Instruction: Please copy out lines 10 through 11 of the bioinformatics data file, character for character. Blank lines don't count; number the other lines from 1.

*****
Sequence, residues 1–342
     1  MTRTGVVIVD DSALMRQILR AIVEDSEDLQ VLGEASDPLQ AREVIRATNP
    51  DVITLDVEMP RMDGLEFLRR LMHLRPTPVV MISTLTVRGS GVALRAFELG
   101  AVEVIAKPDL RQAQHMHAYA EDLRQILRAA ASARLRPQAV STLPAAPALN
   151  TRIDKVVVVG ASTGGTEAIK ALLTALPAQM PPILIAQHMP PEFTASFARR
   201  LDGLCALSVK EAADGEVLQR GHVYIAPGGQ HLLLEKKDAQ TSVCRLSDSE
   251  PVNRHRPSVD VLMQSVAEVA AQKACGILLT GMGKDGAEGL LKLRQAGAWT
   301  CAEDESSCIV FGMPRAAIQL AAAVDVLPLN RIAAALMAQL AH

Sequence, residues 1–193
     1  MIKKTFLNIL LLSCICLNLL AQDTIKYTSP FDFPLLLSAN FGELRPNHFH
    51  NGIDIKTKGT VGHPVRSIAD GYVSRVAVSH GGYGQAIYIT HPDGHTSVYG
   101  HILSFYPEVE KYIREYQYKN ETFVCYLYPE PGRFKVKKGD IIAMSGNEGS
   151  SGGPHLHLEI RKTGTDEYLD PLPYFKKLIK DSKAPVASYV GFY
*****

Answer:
     1  MIKKTFLNIL LLSCICLNLL AQDTIKYTSP FDFPLLLSAN FGELRPNHFH
    51  NGIDIKTKGT VGHPVRSIAD GYVSRVAVSH GGYGQAIYIT HPDGHTSVYG